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I. Uncountable Nouns – they have no plural form: - common nouns that are usually uncountable: * accommodation, information, advice, behaviour; * all the metals; * English (and all other languages); * furniture, health, knowledge, luggage; * maths (and all other school subjects); * rice (and all other grains and cereals); * salt (and all other condiments); * water (and all other liquids); * traffic, transport, trouble Use: a slice, a lump, a piece with countable nouns for food II. Nouns that can be countable and uncountable 1. Nouns we can thing of a single think or substance: * chocolate, paper, hair, stone; * iron (ca metal- uncountable; countable cu sensul de fier de calcat). 2. Nouns which are used to refer to a particular varieties: * wine; * country; 3. Some drinks * coffee; * beer; 4. time, space, room III. Uncountable nouns ending in –s, followed by a singular vb * maths, genetics, arobics, athletics, news * The news is good. IV. Nouns ending in –s that are always plural * trousers, clothes, scissors (foarfeca) To refer to a singular item, use a pair of.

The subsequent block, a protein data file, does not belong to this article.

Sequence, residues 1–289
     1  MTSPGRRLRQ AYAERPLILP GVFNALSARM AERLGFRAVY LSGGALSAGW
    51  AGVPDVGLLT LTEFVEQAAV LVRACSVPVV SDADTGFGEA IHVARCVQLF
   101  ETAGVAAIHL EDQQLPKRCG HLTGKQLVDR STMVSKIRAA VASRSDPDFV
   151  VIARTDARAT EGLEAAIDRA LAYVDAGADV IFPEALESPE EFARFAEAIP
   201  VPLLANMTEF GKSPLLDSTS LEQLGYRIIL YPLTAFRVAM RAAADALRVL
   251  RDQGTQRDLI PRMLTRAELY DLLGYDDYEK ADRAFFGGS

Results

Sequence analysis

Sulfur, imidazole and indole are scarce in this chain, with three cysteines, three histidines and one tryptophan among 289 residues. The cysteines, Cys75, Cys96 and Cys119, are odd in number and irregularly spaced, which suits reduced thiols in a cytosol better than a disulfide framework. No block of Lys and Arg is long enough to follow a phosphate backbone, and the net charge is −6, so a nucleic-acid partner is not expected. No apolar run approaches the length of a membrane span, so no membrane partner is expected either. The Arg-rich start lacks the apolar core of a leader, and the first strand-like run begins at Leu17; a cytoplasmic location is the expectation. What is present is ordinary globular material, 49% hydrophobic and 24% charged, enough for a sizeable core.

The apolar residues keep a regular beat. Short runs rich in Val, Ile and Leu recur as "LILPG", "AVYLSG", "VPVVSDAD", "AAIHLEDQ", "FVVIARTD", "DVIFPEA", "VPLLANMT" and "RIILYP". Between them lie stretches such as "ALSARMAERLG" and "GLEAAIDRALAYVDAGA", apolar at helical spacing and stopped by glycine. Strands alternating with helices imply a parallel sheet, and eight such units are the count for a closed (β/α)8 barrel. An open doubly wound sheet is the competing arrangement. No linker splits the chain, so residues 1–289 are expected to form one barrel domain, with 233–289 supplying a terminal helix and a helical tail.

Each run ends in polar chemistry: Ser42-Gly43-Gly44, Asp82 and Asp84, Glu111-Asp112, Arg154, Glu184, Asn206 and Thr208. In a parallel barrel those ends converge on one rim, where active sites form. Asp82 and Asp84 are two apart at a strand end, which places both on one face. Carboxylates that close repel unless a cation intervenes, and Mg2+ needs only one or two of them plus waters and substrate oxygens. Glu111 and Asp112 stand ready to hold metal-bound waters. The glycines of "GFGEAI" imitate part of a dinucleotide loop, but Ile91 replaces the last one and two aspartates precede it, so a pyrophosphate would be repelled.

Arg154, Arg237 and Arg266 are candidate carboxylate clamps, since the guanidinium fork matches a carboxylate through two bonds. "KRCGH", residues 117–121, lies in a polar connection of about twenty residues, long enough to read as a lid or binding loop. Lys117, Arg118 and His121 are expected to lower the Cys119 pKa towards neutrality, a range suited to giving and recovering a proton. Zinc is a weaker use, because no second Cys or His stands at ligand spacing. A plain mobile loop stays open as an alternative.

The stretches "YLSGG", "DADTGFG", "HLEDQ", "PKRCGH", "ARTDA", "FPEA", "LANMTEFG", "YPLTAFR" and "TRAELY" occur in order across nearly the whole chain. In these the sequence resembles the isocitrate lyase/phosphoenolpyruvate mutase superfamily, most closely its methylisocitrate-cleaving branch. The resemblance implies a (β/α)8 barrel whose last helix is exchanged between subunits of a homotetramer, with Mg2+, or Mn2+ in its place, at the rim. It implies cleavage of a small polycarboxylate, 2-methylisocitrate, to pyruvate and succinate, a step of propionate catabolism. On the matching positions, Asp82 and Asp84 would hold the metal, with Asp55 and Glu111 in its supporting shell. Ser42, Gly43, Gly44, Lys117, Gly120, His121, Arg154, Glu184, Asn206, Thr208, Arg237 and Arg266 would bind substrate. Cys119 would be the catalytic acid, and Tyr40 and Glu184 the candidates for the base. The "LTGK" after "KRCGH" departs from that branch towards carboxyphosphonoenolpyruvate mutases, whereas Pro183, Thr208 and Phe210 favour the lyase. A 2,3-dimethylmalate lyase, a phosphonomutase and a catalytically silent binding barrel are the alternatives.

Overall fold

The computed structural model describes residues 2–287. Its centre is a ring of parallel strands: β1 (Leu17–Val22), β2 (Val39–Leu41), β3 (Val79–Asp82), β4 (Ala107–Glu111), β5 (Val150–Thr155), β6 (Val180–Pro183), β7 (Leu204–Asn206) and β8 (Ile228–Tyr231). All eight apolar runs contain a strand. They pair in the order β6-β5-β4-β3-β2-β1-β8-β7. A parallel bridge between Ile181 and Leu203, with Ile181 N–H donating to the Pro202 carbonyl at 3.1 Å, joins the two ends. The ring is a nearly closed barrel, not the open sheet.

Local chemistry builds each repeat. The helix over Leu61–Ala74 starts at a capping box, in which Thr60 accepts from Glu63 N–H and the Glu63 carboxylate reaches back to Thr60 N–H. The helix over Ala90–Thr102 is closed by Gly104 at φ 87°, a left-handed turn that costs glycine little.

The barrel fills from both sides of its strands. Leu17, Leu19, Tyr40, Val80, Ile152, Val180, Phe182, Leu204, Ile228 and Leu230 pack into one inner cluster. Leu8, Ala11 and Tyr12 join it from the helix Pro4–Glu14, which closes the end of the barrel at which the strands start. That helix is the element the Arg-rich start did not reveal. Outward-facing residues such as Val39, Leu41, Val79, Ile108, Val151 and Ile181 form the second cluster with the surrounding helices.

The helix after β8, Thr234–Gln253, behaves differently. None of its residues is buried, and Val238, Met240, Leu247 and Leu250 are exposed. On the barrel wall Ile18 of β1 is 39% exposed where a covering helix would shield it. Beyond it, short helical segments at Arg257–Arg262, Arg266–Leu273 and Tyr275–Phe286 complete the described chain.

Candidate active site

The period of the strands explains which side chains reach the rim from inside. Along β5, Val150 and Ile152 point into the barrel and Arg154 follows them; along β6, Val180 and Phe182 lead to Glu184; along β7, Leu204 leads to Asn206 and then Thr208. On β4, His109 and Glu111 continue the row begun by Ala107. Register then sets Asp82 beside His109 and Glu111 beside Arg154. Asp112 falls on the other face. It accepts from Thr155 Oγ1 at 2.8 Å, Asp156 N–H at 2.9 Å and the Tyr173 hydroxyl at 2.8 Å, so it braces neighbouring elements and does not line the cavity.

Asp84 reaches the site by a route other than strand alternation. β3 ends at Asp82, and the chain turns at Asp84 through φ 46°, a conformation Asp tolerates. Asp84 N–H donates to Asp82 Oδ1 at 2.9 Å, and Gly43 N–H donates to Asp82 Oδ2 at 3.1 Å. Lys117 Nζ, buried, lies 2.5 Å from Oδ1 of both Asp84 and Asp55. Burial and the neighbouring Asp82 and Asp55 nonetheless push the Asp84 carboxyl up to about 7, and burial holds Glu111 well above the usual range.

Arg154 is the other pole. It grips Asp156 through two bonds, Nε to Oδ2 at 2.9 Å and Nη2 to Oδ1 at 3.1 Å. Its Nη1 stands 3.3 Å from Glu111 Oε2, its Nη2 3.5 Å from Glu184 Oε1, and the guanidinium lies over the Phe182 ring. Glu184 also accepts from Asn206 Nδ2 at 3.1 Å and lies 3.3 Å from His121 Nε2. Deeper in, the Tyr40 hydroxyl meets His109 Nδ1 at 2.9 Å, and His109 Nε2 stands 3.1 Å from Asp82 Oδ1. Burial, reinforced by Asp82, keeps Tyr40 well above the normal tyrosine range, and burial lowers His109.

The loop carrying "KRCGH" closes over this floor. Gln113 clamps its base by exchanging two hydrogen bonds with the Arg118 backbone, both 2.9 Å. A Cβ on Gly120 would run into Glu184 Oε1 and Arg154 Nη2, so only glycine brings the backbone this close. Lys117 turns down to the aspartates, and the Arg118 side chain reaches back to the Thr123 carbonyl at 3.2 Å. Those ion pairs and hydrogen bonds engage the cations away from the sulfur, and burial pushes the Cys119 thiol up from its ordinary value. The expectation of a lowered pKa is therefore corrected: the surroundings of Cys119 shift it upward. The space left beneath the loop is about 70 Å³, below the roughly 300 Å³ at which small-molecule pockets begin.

V. Irregular plural forms: nouns which have the same form in the singular and plural * aircraft, crossroads, species, sheep, series VI. Collective nouns: * My family is very big. All of my family are coming to the wedding. Nouns which only take a plural verb: cattle, the people, the police.
Determiners used with countable and uncountable nouns: a) lots/ a lot of + countable/uncountable nouns b) much + uncountable nouns c) many + plural countable nouns d) little, a little, a bit + uncountable nouns * little= almost none; a little/ a bit = at least some e) few, a few + plural countable nouns (=some but not many) f) some + uncountable nouns and plural nouns (between a little and a lot) g) hardly any + uncountable and plural countable nouns h) no/ not any + uncountable and plural nouns